No one really knows exactly when it started, these crude, spray-painted visages of Bart Simpson that have been spotted throughout Winston-Salem in recent months, thrown up in haste on abandoned buildings, construction sites, hard-to-reach blank walls and, even, a Dumpster.

But everybody loves Bartsy, as the anonymous tagger has been dubbed. He’s the talk of barrooms and Facebook groups, the scourge of law enforcement and the arts establishment, a smarmy rebuttal to the four- and five-figure murals that have been so carefully commissioned and executed throughout the Triad.

The work is simplistic, based on those early, “Tracy Ullman Show” episodes by Matt Groening that eventually morphed into the Bart Simpson we know today: The hair is spiky, the eyes more pronounced, the lips just a bit overblown. Sometimes he’s got a soul patch or an earring, or both; sometimes he’s jet black or stark white or true Simpsons yellow; sometimes he’s just an outline. But the pose is always the same: a three-quarter profile of America’s favorite brat, brought to us by an anonymous artist who, like his namesake Banksy, allows us to project all our hopes and dreams on his process and motivations.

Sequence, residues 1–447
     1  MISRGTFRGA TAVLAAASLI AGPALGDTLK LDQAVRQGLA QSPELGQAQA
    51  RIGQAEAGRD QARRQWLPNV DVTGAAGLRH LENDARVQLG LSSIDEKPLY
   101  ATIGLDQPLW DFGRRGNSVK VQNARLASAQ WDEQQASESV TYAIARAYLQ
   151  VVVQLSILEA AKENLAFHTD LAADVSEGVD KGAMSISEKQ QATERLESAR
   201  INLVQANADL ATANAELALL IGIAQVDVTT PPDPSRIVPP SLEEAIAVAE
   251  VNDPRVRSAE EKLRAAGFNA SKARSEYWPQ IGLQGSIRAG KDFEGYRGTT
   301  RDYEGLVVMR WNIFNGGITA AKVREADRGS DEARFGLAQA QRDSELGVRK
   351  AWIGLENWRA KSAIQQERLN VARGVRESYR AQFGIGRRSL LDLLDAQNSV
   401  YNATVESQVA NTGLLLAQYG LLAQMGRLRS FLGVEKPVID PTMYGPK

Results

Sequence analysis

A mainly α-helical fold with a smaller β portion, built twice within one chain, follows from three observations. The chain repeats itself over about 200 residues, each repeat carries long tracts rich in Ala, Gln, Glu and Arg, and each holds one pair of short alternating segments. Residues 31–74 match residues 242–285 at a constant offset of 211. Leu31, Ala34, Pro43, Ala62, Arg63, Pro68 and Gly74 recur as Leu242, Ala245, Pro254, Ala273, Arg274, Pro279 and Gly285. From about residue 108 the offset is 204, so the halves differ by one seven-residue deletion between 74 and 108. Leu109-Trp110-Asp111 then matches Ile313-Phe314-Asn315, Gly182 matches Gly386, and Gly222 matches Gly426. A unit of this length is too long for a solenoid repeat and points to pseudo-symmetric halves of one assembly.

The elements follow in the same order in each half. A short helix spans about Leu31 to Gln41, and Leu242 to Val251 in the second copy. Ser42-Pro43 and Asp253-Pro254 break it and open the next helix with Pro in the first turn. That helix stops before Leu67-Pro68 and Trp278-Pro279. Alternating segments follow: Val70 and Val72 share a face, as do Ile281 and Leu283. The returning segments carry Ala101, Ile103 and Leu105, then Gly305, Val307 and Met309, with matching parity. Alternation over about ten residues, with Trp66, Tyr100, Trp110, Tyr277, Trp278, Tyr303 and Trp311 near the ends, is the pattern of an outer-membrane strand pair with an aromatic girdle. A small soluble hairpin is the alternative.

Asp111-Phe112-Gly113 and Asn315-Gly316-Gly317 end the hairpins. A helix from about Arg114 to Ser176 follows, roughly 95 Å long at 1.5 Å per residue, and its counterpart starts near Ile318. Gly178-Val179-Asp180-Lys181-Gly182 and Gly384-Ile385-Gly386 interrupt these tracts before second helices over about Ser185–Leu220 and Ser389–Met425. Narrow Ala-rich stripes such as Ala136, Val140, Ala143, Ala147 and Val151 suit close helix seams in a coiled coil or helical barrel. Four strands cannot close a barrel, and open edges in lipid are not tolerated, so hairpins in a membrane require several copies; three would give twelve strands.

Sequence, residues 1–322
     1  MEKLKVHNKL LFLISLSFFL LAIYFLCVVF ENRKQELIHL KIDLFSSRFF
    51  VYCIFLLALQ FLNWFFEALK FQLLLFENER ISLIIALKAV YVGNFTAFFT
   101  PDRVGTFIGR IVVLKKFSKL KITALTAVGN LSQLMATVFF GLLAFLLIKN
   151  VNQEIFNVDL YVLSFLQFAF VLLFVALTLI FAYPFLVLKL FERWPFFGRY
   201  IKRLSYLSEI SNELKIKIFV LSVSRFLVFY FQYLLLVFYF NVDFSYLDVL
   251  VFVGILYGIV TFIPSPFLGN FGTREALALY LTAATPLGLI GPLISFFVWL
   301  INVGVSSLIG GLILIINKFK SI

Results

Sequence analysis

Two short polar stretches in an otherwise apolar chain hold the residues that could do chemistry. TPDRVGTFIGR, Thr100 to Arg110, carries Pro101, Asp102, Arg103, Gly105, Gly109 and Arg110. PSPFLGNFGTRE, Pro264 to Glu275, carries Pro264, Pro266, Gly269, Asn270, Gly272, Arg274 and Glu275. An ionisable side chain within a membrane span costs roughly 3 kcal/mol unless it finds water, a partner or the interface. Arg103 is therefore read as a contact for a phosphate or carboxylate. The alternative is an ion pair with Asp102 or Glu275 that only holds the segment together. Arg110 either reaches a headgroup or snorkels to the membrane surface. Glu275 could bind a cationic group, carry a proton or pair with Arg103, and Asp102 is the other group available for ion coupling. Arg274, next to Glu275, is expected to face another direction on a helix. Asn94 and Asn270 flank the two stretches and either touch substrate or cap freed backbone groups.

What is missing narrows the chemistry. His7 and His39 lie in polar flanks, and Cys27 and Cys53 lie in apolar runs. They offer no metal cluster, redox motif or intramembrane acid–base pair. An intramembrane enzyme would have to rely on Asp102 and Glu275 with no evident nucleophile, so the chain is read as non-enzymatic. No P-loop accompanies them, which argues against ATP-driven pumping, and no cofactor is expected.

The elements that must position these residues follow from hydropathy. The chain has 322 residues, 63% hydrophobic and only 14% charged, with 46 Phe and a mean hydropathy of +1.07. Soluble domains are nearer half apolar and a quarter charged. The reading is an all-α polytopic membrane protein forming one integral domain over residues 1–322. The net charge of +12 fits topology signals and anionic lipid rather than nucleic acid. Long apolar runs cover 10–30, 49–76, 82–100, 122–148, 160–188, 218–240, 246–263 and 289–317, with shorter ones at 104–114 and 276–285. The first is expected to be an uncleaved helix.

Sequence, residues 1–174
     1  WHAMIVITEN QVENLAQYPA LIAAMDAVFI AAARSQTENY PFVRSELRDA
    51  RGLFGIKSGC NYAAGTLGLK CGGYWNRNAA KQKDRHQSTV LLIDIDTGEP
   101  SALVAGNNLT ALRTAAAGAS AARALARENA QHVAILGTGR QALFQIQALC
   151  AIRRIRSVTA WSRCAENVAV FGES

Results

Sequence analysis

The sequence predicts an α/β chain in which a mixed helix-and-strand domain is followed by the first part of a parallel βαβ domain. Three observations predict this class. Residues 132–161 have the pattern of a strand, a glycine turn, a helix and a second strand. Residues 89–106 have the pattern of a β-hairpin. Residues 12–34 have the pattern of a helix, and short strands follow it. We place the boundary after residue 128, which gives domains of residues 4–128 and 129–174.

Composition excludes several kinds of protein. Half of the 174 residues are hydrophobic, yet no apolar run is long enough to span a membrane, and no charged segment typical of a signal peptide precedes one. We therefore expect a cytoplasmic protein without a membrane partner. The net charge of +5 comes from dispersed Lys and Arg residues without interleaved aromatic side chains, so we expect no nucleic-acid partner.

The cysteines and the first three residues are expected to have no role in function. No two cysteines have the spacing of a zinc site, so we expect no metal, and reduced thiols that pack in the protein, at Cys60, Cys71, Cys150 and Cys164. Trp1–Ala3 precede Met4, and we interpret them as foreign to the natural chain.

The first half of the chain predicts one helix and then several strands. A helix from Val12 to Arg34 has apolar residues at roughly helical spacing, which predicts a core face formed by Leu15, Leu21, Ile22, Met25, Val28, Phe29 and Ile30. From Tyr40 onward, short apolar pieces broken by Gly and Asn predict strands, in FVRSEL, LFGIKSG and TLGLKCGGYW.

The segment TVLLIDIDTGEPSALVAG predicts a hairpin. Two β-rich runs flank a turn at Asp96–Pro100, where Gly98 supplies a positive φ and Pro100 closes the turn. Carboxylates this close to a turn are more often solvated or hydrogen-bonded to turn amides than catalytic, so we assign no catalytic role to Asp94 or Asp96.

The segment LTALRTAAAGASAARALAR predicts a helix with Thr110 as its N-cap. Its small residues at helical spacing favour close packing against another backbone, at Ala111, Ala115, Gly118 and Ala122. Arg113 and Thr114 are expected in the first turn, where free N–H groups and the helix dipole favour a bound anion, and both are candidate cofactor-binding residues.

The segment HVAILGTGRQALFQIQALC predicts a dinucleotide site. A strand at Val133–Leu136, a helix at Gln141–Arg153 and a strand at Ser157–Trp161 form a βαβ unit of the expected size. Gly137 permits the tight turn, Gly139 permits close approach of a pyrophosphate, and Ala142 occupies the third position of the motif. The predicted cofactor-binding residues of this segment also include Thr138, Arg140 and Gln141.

A blurry still of the artist pulled from surveillance video and released by the Winston-Salem Journal in late August only deepened the enigma.

Meanwhile, the Bartsys (Bartsies?) are slowly being removed from the landscape by people who just don’t understand.

So we present a map and photo essay of every Bartsy we could find, including the ones that are no longer with us, along with an invitation to all the haters to eat our shorts. And we ask our readers to send us any new Bartsy they find out there in the wild so we can complete the study.

4 COMMENTS

  1. Not everybody loves whatever this is, but wow what an extreme amount of wasted time you have displayed! How about mapping out something with any sort of importance….JS

  2. I’m really interested in Bartsy, i actually didn’t know it was a thing but when I moved to Winston seven years ago I saw Bartsy tagged on rocks off of Reynolda and on concrete blocks off of 52. I just thought they were the same tagger but didn’t realize there were large versions. Thanks for the article.

  3. Thanks for the map, I’ve painted over three of these today. I don’t see any value in this tag on buildings that are trying to maintain businesses in developing neighborhoods. You tried way to hard to give this garbage vandalism the value of art and that makes your paper less than trash.

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